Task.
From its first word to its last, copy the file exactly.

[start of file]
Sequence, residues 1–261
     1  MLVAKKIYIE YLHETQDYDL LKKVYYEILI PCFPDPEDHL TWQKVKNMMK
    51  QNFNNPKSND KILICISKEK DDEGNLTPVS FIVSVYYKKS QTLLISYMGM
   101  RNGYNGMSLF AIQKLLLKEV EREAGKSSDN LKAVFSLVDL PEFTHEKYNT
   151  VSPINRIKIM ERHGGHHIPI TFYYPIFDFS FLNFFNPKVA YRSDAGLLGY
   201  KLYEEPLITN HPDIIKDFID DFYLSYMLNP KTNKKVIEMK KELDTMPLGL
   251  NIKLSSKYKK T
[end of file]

Sequence, residues 1–261
     1  MLVAKKIYIE YLHETQDYDL LKKVYYEILI PCFPDPEDHL TWQKVKNMMK
    51  QNFNNPKSND KILICISKEK DDEGNLTPVS FIVSVYYKKS QTLLISYMGM
   101  RNGYNGMSLF AIQKLLLKEV EREAGKSSDN LKAVFSLVDL PEFTHEKYNT
   151  VSPINRIKIM ERHGGHHIPI TFYYPIFDFS FLNFFNPKVA YRSDAGLLGY
   201  KLYEEPLITN HPDIIKDFID DFYLSYMLNP KTNKKVIEMK KELDTMPLGL
   251  NIKLSSKYKK T